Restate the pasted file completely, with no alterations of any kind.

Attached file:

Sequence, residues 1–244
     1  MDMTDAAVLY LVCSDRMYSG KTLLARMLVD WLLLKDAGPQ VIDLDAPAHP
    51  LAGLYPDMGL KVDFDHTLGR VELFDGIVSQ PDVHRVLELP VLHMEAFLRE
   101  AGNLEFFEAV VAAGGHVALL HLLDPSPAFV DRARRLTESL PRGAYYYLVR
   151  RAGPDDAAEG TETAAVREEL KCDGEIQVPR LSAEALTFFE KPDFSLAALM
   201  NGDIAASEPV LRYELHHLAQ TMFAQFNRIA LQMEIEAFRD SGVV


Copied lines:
Sequence, residues 1–244
     1  MDMTDAAVLY LVCSDRMYSG KTLLARMLVD WLLLKDAGPQ VIDLDAPAHP
    51  LAGLYPDMGL KVDFDHTLGR VELFDGIVSQ PDVHRVLELP VLHMEAFLRE
   101  AGNLEFFEAV VAAGGHVALL HLLDPSPAFV DRARRLTESL PRGAYYYLVR
   151  RAGPDDAAEG TETAAVREEL KCDGEIQVPR LSAEALTFFE KPDFSLAALM
   201  NGDIAASEPV LRYELHHLAQ TMFAQFNRIA LQMEIEAFRD SGVV